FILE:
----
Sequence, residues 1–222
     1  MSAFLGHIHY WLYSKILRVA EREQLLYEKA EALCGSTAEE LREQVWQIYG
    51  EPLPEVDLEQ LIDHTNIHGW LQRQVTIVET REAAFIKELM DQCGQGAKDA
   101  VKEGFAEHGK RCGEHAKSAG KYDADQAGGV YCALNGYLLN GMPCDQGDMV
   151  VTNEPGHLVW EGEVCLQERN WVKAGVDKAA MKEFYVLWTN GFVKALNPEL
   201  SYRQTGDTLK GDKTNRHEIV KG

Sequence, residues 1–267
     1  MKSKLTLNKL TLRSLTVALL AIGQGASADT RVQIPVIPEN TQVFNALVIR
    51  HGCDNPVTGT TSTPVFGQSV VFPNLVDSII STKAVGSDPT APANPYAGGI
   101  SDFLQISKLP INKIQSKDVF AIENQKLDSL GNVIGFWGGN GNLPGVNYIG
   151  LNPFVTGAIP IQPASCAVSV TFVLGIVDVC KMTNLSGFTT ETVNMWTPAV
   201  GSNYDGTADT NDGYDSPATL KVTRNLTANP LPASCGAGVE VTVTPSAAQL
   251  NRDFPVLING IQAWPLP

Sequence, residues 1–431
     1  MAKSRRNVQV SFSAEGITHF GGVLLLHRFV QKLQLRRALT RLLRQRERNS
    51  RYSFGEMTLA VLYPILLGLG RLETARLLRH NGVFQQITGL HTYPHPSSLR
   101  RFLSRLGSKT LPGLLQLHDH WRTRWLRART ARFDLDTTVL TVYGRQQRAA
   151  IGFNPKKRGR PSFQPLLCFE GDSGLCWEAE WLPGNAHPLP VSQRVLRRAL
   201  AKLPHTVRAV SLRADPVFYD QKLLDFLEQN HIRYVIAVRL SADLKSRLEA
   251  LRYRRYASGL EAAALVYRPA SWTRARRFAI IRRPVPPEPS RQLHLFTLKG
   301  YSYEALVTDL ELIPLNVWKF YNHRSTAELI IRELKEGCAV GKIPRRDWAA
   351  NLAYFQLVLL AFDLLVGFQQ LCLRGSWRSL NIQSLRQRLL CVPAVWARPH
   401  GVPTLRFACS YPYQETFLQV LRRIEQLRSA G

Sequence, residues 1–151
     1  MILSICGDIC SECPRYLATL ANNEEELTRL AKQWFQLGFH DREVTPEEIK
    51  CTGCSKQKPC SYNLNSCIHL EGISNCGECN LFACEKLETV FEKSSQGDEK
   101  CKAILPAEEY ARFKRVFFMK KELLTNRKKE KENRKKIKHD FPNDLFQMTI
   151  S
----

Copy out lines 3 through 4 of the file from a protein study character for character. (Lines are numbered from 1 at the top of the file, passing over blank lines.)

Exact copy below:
    51  EPLPEVDLEQ LIDHTNIHGW LQRQVTIVET REAAFIKELM DQCGQGAKDA
   101  VKEGFAEHGK RCGEHAKSAG KYDADQAGGV YCALNGYLLN GMPCDQGDMV